The most common way an IDS detects malicious traffic is through the use of signatures. A signature is a string that the IDS looks for in a packet and does a comparison for. If the string matches, the IDS alerts. The string can be a simple ASCII string, such as "cat /etc/passwd", or it can be a regular expression which allows much more granular control, or a binary match.
There are many ways to evade signature-based detection, using different forms of encoding, fragmentation, and other forms. IDS must be able to combat these methods to ensure what it sees will match what the packet ultimately looks like when it reaches the destination host.
Some IDS use pre-processors, modules that massage the data before running it through the rules base for efficiency. For example, if an attacker fragments his traffic with overlapping fragments (a fragment that overwrites part of a previous fragment) an IDS has to be able to reconstruct that packet the same way the host that receives it would. Some systems favor the original fragment that would have been overwritten, and some the fragment that overwrites the previous. Knowing which way your server will reconstruct this traffic is very important. Snort, for example, reassembles the packets both ways, since you may have Windows-based, Unix-based or other operating systems on the host. Others, like Dragon, force you to choose one method or the other. As long as all the systems on a segment being monitored are all on the same platform, this isn't a problem.
Signatures also specify other attributes, like which direction the packet is coming from, ports, protocols and more. Each one tunes the signature to be more specific, eliminating possible false positives.
The IDS engine does detection with built-in parameters that doesn't require a separate signature. For example, there may be an ICMP module in your IDS that alerts on packets over a certain size, or a certain number of packets in a time frame all going to one host to detect a ping flood. It may look for scanning by keeping track of the number of different hosts an external address tries to connect to one one port, or the number of ports on one host it tries to connect to (port sweeps and port scans).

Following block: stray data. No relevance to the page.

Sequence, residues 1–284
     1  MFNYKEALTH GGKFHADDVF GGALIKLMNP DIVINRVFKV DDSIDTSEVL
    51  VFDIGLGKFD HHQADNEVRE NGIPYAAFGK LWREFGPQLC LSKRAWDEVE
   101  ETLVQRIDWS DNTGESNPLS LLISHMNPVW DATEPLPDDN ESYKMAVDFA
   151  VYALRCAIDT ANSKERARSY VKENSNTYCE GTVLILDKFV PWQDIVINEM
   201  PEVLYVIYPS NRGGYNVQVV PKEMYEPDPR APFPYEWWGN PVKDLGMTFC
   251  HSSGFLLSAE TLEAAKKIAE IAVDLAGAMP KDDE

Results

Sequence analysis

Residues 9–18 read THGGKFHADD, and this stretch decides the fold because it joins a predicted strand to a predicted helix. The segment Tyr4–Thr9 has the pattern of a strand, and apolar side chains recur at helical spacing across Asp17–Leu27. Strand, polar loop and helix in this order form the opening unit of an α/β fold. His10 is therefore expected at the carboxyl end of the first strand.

Stateful inspection is important here. An IDS needs to be able to keep track of state to determine if packets are part of an existing connection or a new connection. Shell code being bounced off a server without a connection ever being made might cause the analyst to take notice and investigate what else the attacker might be doing, whereas shell code being passed on an established TCP connection would be cause to take action immediately.
Anomaly-based detection uses profiles to try and establish a baseline of what is "normal" traffic, and alerts you when traffic not fitting that profile occurs. Let's say you have a Web server that is primarily used by a few customers in the same country as you, in the morning hours Monday through Friday. The rest of the time there is little to no traffic to the box. Then one Saturday morning at 3:00 AM, the box is inundated with traffic from another country. There may be nothing in that traffic that triggers a signature or the IDS engine, but the deviation from the norm is curious at the least and probably alarming. Anomaly detection tries to determine events of this type.
This is obviously a very simplistic overview. There is much more that could be said for each type of detection, and other types like heuristics, protocol-decoding, etc., that you can read about if you'd like to learn more.
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